Now, let’s assume that you use this email list to advertise products or services of various brands. It would be natural to see your users getting mad and reporting your emails, right?

Therefore, it is important to make sure that your content is something your recipients will find both interesting and relevant.

Factor #5: High bounce rates

Now, let’s look at the second email list factor that will affect your deliverability rate–when emails start bouncing.

Email bounce rate refers to the state when your email server was not able to deliver your message to the intended recipient due to different technical reasons, such as:

  • Your email server is malfunctioning and unable to send your message out.
  • The email server of the recipient is experiencing technical issues and cannot pass your message to the recipient.
  • The inbox of the recipient is full and unable to accept and store your message.
  • Either your own or the recipient’s email server is working under heavy load and dropping your message from their queue of emails to process.

If you are having any of the issues above, your message has “soft bounced.” It means that the problem is temporary, and if you try sending a message to the same recipient again sometime in the future, they will successfully receive it.

There are also cases when your email is doing a “hard bounce”. It is the case when the recipient’s email address does not exist anymore, and you have inactive subscribers in your list.

Soft bounces are generally harmless in terms of dropping your deliverability, as they are due to technical issues you cannot control.

Hard bounces, on the other hand, will harm your deliverability, as regularly getting them signals the email service that you are not verifying your email addresses and removing invalid ones before sending out a message, resulting in an email list that is not clean.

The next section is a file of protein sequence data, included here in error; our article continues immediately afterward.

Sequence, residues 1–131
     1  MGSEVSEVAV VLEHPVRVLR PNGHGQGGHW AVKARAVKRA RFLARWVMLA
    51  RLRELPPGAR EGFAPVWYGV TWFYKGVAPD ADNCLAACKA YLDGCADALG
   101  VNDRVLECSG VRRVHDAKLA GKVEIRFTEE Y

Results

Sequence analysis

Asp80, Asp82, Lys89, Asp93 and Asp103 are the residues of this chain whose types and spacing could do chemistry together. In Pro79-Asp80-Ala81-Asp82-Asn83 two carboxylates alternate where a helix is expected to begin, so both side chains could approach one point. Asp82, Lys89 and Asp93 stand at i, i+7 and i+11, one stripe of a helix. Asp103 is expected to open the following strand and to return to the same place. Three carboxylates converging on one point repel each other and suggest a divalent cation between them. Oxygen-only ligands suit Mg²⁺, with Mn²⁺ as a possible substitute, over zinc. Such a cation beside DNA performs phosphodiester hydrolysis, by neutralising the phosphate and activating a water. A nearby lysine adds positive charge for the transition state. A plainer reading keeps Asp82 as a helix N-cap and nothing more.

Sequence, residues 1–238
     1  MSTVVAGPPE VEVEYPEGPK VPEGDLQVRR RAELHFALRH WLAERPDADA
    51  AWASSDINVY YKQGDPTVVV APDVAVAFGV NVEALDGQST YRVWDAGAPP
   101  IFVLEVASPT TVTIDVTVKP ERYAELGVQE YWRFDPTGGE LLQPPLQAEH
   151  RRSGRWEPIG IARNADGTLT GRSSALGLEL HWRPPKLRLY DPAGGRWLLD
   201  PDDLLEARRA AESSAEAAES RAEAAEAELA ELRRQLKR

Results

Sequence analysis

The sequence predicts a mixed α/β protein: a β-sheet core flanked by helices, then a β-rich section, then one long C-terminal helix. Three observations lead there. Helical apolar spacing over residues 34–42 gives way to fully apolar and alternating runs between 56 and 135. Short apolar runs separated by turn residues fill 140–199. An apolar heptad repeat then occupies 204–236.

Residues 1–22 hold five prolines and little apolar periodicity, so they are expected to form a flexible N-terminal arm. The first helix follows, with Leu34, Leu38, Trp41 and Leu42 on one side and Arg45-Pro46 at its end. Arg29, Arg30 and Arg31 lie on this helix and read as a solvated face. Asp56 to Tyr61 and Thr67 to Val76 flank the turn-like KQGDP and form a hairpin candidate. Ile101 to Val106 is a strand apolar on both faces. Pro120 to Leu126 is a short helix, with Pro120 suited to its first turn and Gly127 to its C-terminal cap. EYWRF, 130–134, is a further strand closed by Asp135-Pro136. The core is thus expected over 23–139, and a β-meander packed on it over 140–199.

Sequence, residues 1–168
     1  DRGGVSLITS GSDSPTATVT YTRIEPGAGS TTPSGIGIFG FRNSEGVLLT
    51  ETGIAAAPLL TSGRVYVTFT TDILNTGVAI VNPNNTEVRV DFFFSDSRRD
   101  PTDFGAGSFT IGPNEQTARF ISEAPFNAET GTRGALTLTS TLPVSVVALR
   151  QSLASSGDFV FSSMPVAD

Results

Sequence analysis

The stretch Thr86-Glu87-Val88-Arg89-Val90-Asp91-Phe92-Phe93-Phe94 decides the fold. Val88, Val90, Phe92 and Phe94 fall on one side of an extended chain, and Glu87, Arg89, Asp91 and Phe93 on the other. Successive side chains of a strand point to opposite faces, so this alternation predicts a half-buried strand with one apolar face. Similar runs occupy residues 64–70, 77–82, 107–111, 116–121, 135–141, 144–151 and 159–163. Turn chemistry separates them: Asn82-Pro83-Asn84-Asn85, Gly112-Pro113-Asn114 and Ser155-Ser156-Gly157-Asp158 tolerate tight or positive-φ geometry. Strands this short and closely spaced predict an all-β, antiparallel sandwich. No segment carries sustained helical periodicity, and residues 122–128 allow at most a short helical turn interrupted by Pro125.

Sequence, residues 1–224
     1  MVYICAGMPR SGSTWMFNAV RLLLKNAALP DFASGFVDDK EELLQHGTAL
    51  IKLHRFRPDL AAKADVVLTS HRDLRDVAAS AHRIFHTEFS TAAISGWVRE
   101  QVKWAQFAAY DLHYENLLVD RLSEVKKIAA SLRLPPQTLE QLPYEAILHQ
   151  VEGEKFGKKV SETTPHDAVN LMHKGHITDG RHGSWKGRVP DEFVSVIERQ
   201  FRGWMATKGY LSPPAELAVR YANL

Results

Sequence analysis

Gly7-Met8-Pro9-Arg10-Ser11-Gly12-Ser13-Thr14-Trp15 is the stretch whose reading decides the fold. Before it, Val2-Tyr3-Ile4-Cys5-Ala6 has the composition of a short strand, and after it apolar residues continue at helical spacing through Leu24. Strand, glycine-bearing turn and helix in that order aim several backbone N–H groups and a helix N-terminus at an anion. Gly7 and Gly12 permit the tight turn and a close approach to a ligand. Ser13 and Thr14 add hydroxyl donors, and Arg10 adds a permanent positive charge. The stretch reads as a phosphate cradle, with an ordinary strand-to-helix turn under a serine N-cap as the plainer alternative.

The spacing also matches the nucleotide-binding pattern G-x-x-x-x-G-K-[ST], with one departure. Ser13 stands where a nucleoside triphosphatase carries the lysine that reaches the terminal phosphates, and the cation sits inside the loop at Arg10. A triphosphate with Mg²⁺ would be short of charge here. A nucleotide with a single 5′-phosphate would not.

Poor email hygiene is something that ESPs associate with spammy behavior; therefore, they will penalize you and send your messages to the spam folder.

Factor #6: Email volume

Finally, we have the number of emails you are sending out over a specific period of time.

ESPs do not really care if you are sending out thousands or tens of thousands of emails per day. What worries them is the sudden spikes in the number of messages sent.

For instance, imagine your regular sending volume is 1 newsletter per week on Mondays to an audience of 10,000. If you decide to heavily promote something by then sending an email every day to an audience of 30,000, your ESP will consider this a red flag and a sign of spammy behavior.

Therefore, if you need to increase your sending volume, make sure you do it gradually to avoid looking suspicious.

To sum up, your deliverability rate depends on a wide variety of factors, including your content, sending behavior, and list hygiene.

Now let me explain how you can keep all of these factors in check and increase your deliverability rate by sharing a couple of best practices with you.

5 Ways to Improve Your Email Deliverability Rate

The sheer number and diversity of factors affecting your deliverability might seem intimidating at first. But don’t worry, as you don’t have to take care of each factor individually. Luckily, there are general best practices that you can follow to mitigate the risks coming from all of these factors.

Here are five of them.

Way #1: Avoid spammy practices

Increasing your deliverability is about avoiding the spam folder. So, it is pretty clear that your first priority should be to avoid any content or behavior that will trigger spam alerts on your recipients’ email servers.

Here is what I would suggest you do to avoid each type of spammy behavior:

Sending irrelevant content: You can label your lists with the type of email that new subscribers have opted in to receive. This way, you will avoid accidentally sending product discounts to people expecting to get educational content instead.